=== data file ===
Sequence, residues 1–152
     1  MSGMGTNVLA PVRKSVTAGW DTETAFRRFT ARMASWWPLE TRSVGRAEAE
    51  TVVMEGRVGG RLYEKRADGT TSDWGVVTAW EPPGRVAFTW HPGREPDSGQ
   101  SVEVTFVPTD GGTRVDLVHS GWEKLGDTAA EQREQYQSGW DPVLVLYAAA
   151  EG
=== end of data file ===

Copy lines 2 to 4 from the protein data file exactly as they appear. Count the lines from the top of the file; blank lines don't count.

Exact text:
     1  MSGMGTNVLA PVRKSVTAGW DTETAFRRFT ARMASWWPLE TRSVGRAEAE
    51  TVVMEGRVGG RLYEKRADGT TSDWGVVTAW EPPGRVAFTW HPGREPDSGQ
   101  SVEVTFVPTD GGTRVDLVHS GWEKLGDTAA EQREQYQSGW DPVLVLYAAA